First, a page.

Yesterday, a male juvenile humpback whale washed out on the rocky shores of Onrus. The animal had clearly been dead for a few days, as most of the skin was already gone (hence the dominating white colour, which is blubber). This male had some scarring of cookiecutter sharks as well as from rolling in the rocks; no clear signs of the cause of mortality could be detected.
As the tide was coming in, only basic samples were taken including skin, blubber and some barnacles as well as whale lice. Unfortunately, due to the position of the whale, we were unable to collect baleen, which could provide us with a ton of information on the whales’ recent movement patterns, foraging ecology and hormone levels. This baleen might still wash out in the next few days, so if someone were to find it, please contact us!
As we approach winter, whale season is upon us. This means that we will not only see these magnificent creatures swimming near our shores, but we’ll also see more whale strandings on our beaches. If you find a marine mammal along the coast you are urged to call the Municipality on 028 313 8000 and ask for the Environmental Management Section, or you can reach us on 060 9714301. These strandings provide a wealth of information to us, and so your assistance in reporting them is much appreciated!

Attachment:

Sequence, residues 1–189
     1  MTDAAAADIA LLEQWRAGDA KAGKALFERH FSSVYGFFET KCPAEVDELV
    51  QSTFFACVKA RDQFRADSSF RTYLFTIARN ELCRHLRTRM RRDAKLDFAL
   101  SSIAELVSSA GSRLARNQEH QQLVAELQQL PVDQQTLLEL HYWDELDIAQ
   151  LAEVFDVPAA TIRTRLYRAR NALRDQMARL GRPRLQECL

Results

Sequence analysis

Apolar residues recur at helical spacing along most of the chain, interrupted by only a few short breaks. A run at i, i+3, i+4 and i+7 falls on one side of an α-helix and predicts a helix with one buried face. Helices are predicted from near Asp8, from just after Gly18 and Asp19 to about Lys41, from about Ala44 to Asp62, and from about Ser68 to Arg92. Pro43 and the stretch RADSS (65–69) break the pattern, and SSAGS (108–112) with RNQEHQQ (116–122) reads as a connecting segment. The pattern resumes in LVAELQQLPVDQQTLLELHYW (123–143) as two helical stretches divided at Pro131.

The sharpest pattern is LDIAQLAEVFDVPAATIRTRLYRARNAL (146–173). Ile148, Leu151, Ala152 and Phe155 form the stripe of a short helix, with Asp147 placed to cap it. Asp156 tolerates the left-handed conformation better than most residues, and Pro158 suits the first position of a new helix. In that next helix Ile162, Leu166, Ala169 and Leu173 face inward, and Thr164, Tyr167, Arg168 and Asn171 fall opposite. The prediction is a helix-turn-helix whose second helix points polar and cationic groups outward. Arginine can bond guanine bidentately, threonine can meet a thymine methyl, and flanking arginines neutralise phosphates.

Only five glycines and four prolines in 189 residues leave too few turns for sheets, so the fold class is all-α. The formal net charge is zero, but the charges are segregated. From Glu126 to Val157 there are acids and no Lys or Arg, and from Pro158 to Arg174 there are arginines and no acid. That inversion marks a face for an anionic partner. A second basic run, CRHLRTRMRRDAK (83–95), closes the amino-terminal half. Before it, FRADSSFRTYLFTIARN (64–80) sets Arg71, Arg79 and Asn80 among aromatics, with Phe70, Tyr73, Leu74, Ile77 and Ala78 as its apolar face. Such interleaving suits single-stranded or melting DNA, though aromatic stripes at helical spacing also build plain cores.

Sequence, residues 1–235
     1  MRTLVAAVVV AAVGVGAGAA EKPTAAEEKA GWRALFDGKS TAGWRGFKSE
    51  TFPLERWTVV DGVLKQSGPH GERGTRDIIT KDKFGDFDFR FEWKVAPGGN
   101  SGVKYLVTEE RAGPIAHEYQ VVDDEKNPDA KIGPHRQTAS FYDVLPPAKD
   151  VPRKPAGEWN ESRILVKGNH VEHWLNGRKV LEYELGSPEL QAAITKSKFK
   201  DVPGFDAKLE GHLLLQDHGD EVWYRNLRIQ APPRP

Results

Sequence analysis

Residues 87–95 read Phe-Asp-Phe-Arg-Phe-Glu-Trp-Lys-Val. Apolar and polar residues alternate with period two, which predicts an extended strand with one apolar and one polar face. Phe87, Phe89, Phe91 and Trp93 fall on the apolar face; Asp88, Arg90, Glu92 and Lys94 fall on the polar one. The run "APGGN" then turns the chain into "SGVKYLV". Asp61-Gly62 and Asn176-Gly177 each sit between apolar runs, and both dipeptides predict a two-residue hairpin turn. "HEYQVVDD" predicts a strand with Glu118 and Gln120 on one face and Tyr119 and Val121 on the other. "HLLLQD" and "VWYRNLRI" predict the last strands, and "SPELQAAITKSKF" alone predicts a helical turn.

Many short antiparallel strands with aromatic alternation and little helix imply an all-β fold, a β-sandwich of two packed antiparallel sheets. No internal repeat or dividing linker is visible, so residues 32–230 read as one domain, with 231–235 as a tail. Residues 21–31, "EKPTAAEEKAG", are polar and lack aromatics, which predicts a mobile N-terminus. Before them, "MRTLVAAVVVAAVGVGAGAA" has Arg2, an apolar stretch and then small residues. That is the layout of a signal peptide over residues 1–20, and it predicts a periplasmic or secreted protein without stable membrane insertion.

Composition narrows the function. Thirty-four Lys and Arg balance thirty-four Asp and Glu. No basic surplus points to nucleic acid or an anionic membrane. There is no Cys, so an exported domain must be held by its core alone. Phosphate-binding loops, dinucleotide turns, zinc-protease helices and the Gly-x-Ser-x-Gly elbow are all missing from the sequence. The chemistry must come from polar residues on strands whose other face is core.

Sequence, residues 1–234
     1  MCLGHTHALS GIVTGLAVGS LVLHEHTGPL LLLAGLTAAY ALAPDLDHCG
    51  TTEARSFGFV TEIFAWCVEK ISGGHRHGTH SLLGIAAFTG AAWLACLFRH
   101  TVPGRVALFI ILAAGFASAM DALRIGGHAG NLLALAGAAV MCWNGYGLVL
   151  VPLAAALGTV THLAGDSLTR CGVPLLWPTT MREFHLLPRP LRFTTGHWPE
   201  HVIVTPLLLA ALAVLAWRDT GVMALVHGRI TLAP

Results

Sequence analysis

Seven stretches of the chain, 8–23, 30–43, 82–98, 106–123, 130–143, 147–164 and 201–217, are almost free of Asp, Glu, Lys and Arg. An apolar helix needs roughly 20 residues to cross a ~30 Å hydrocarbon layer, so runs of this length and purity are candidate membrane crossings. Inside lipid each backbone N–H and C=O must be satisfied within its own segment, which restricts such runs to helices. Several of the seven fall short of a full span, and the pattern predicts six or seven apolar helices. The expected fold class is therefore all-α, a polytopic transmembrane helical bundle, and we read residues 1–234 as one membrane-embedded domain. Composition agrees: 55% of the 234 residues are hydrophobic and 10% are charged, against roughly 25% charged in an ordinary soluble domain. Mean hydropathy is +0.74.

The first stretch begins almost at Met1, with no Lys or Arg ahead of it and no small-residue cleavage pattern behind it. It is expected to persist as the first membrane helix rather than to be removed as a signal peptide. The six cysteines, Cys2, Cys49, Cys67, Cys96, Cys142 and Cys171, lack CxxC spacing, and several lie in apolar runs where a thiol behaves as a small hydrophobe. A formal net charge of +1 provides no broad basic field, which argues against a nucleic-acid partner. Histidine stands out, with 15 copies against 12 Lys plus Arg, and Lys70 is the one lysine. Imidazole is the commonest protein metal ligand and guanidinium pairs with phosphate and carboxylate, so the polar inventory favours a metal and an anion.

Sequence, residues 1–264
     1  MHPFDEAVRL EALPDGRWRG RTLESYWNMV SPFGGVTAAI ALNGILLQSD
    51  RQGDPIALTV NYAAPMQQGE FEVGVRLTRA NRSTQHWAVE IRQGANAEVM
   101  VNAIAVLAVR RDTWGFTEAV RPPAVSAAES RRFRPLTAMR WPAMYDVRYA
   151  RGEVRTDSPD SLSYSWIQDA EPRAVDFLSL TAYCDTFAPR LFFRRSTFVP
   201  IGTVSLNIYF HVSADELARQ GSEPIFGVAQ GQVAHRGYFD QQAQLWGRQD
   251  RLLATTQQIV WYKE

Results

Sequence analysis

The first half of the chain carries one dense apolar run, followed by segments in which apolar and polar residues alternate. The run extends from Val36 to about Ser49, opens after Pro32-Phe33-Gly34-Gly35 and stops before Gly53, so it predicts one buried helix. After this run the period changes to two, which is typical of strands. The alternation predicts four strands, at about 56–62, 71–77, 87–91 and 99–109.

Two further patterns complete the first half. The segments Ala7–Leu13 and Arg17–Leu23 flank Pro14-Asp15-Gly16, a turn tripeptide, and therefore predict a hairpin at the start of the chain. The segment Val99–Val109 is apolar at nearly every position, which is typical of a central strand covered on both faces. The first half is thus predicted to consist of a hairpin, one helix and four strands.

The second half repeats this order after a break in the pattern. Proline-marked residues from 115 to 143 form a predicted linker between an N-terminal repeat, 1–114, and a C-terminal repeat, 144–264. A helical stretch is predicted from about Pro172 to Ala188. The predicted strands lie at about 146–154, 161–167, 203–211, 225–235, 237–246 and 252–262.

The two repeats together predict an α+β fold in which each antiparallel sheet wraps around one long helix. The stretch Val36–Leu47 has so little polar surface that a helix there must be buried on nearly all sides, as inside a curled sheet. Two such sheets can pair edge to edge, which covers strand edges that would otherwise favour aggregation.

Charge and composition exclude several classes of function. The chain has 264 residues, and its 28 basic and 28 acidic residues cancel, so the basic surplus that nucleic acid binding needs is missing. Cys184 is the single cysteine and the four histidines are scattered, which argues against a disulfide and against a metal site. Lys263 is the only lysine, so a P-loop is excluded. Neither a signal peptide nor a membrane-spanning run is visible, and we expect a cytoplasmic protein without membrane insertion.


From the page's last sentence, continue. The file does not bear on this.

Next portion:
The Overberg Stranding Network is a collaborative group of organisations that ensure as much information as possible is retrieved from every stranding, that live animals are refloated or euthanised if necessary and that carcasses are disposed of safely if they come ashore in a built-up area.
Stranding response in the Overberg area is managed by a collaborative group of organisations: CapeNature, Department of Environmental Affairs, Dyer Island Conservation Trust, Hermanus Animal Hospital 24 hr service, Mammal Research Institute Whale Unit, NSRI, Overberg District Municipality and Overstrand Municipality.